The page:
7. And then slow the roll. Perhaps men are more interested in sex at this age. Perhaps women are not as comfortable talking about sex. But, I believe if you jump into sexual chemistry too soon you may be short-circuiting some of the necessary compatibility exploration. If you bring in hot sex too soon, you might find yourself chemically and sexually attached before you’ve even figured out if this person is a relationship fit. I’ve been in several hot and heavy relationships that turned out not to be long-term relationship partners. Did I waste time? Is my goal good sex or a good relationship? Okay, don’t answer that. Of course, it’s both, but sex without a relationship does not last very long. Even if the sex is the best you’ve ever had. You simply cannot spend your entire relationship in bed.

Some of the problems with online dating is our inability to be authentic about who we are and what we are looking for. We’re too busy trying to oversell ourselves and find better and cuter partners. But is that what you want? Or do you want a lasting relationship that is built on solid communication, respect, and mutual goals and lifestyle choices? Sure, we want it all. But I promise you, a relationship based on a solid foundation of trust and realism is better than a hot sexual relationship that burns itself up in the lack of genuine compatibility.

I’ve gone for sex too early in relationships. I’m tempted every time to go there again. Yes, sex feels good. And I miss sex very much when I’m single. BUT… I’m looking for a life companion not a concubine. As I venture out on my hello dates these days I’m more conscious of allowing my partner to express their hopes and desires before I rush in with my flowery, overly romantic, vision of what we could be.

And just recently, I was on a second date with a woman, when she asked if I’d be interested in getting her honest feedback on how things were going. “Of course,” I said, “I’m excited to hear.”

“Okay,” she said. “I thought things were going okay for a while but I felt like you lost interest. Like you don’t like me very much. Or you are ready to pass.”

I was surprised by the feedback. And as we talked about the “us” in the room it became clear that we were both interested in what a relationship might look like. And somehow I had given the wrong signal. As we chatted more, I revealed that I was more curious than on-fire. I was talking and learning what I was feeling as I tried to explain where I was with the relationship aspect of this new potential partner.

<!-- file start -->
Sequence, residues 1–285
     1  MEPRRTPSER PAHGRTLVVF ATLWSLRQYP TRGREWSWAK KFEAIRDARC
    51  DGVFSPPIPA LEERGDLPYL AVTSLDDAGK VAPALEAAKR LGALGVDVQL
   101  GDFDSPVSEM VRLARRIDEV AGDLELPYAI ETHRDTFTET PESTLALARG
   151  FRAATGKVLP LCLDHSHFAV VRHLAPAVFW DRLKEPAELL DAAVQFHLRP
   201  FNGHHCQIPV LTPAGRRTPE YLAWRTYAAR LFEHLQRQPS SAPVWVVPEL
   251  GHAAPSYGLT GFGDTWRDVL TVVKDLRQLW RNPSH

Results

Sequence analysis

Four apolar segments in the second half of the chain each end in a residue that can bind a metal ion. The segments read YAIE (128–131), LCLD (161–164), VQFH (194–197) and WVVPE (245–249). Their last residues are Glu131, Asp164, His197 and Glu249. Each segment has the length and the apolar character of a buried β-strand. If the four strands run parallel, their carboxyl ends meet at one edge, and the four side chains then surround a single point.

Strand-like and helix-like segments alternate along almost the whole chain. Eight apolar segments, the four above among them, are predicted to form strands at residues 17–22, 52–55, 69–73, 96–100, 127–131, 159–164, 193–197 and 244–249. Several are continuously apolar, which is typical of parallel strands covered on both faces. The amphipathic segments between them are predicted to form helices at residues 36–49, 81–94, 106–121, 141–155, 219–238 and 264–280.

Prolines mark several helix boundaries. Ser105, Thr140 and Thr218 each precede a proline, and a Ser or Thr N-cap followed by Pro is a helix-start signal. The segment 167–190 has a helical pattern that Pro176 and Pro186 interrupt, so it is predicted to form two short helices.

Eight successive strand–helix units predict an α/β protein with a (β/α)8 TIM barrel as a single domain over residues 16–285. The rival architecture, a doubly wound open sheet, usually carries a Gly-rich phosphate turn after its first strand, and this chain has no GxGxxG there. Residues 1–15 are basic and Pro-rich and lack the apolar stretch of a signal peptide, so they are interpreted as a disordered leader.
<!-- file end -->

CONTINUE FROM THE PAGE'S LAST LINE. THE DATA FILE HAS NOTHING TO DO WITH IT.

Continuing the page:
Several things I learned in this exchange.

  1. I was looking for something to spark in her, to give me the signal that the attraction was mutual.
  2. I was very happy she was able to express herself so clearly. And articulate what in particular was causing her to misread my communications.
  3. When I asked for how she was feeling and she said a few inciteful and kind things about me, I noticed my immediate arousal. In some ways, that’s what men are looking for, just a hint of their desirability. We’re the same as women in that way, a compliment can create a big warm fuzzy feeling.
  4. While I was being more mindful of my type-a personality, I was in no way trying to communicate my disinterest. What I hoped I was doing was listening deeply for her nuanced feedback.
  5. I was able to talk about my tendency to build a romantic relationship completely on my passion and desire, without waiting to listen if the feelings and ambitions were mutual.
  6. There is something deeper than sexual chemistry that is required for a lasting relationship. To keep us off the dating sites 2 – 3 months, or even years from now, we’ve got to build better relationships. And seek compatibility in all our aspects of life.

What I am looking for is the fire and enthusiasm to go both ways. And if that means I hold back a bit, reserve some of my sensual guile, then I’m able and willing to do that. In fact, I’m cultivating my desire for something bigger than I’ve ever experienced. If I’m willing to wait for the other person to show up, be present, and tell me what they want in a relationship, perhaps we will be better poised for a future together.

Sure, I’d love the fire to burn all my constructs and ideas to the ground. But I’m willing to keep the enthusiastic ember in my pocket a bit longer to see if this particular partner is wanting the same things. And more particularly, that what they are wanting is ME and not the dating profile projection of who I’d like you to believe I am.

At the moment, I’m not patient. I’m hungry. But I know my relationship desires are better served by keeping some of my sexual desires unfulfilled, for the time being. I’m confident that THEN when things light up, when she ignites from passion that is rooted in compatibility, when we’ve had a chance to become friends (and I’m dreading this as I type it, because I really do want to rush back into the fulfillment of my more carnal desires) we can become lovers and both catch fire. That’s the hope. That’s the ambition. And anything less is not 100%.

Always Love,

John McElhenney
@wholeparent

+++ Let me know how I can help you with dating challenges? Let’s book a free call to talk about it.

back to Dating After Divorce